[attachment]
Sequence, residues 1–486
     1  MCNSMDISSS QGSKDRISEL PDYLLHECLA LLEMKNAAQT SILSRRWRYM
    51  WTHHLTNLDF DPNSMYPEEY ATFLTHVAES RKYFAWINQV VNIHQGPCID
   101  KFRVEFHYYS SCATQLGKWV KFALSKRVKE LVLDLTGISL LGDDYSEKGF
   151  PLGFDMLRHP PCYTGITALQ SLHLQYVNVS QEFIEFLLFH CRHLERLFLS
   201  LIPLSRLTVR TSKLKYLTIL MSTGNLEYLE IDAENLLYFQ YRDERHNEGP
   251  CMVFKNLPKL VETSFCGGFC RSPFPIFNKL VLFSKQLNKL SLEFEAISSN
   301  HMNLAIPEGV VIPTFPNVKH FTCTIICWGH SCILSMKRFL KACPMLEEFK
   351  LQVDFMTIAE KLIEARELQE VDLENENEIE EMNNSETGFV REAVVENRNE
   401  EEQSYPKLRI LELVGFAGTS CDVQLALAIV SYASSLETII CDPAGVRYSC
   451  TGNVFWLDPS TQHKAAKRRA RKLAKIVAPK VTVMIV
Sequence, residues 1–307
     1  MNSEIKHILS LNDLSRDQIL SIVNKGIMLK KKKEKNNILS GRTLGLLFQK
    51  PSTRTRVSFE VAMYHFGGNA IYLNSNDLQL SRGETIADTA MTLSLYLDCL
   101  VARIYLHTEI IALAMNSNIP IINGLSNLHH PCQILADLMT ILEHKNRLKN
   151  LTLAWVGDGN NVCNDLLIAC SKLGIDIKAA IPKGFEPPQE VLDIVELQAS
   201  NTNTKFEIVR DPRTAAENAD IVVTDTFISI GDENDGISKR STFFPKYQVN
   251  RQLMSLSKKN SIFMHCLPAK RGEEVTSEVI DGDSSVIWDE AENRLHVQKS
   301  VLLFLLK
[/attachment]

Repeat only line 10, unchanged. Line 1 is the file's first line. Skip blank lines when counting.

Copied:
   401  EEQSYPKLRI LELVGFAGTS CDVQLALAIV SYASSLETII CDPAGVRYSC